One element of your car that is essential for optimal performance and for averting potentially significant issues is the cooling system. A car that isn’t adequately cooled stands the danger of overheating, which can result in exorbitant maintenance costs, significant damage, and malfunctions.
The last thing you want to happen is to need to replace your entire engine due to substantial damage caused by running it too hot.
Maintaining the efficiency of your cooling system is consequently crucial, and as a result, you must watch out for the issue of air in cooling system. When this occurs, your system’s capacity to maintain a stable temperature is significantly reduced.
Your car’s engine might suffer significant harm from a malfunctioning coolant system. As soon as you spend all of your funds on repairing the engine parts, you will have a huge hole in your wallet.
Therefore, to maintain an engine performing at its best, it is crucial to have a functioning and suitable cooling system. But how can you know whether the cooling system’s air is faulty?
A cooling system has numerous crucial functions. To begin with, it disperses surplus heat accumulation in the engine to avoid overheating. Second, this mechanism keeps the engine’s operating temperature constant.
But occasionally having air build up within a coolant system is one of the typical problems. The engine suffers severe faults as a result. How can you know whether the cooling system has air? Even though the warning indicators are quite obvious, some owners have trouble seeing them.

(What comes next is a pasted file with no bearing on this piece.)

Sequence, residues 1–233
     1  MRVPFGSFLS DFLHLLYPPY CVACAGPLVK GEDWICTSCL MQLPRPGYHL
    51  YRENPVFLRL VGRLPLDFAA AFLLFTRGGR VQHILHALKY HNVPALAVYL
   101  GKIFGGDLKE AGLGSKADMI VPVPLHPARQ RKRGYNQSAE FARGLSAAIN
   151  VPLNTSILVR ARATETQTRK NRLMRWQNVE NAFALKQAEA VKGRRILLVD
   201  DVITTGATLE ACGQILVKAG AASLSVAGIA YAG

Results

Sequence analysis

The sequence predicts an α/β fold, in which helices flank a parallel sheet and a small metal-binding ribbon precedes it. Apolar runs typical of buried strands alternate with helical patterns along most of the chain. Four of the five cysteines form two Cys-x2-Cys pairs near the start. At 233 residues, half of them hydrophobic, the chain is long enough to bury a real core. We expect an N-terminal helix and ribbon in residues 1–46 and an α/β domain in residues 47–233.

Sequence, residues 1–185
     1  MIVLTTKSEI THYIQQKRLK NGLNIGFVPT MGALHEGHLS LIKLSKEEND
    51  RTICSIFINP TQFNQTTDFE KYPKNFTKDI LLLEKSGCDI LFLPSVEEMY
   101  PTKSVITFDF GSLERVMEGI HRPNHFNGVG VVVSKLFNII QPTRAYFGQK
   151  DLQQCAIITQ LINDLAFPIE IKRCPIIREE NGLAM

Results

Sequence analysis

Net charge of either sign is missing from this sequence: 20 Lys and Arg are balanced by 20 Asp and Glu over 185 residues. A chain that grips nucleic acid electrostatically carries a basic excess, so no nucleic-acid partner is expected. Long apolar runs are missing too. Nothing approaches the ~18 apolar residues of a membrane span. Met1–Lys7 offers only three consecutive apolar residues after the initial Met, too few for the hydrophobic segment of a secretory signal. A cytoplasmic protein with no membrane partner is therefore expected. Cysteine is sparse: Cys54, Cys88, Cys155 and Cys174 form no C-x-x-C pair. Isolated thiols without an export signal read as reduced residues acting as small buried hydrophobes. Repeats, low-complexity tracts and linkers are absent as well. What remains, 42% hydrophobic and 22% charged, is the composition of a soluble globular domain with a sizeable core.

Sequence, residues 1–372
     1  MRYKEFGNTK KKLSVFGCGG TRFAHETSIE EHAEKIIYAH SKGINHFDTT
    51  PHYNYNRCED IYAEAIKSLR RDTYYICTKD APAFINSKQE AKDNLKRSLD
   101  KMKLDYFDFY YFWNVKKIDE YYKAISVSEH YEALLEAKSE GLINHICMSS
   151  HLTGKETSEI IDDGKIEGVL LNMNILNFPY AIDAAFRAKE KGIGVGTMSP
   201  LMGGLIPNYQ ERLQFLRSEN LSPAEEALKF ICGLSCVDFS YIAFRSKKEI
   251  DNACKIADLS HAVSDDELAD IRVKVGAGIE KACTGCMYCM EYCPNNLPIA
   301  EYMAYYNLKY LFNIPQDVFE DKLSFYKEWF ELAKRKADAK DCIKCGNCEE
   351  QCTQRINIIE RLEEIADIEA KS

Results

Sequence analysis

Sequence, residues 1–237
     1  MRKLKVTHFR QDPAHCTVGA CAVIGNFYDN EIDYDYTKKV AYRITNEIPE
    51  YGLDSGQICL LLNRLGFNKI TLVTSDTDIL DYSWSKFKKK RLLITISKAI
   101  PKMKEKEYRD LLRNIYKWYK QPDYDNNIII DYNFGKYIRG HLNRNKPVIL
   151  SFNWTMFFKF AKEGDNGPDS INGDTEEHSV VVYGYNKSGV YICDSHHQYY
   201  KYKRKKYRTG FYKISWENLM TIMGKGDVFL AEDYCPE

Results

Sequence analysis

How Is the Cooling System’s Working Mechanism
A cooling system has many parts, including an engine, a radiator, a water pump, a heater core, a thermostat, coolant lines, and a radiator. Knowing how to determine whether air is in the cooling system is crucial since it performs one of the most crucial tasks within the vehicle.
Bleeder valves can be found on the top or front of the radiator. As soon as you open it, air will start to flow out of the cooling system.
The process is as follows:
- An impeller that controls the coolant flow is part of the water pump. It has a windmill or fan-like appearance, and the serpentine belt turns it.
- The coolant jacket of the engine, a complicated network of passages along the engine block, is where the coolant travels. Heat is absorbed by the coolant, which transfers it to the heater core outside the engine.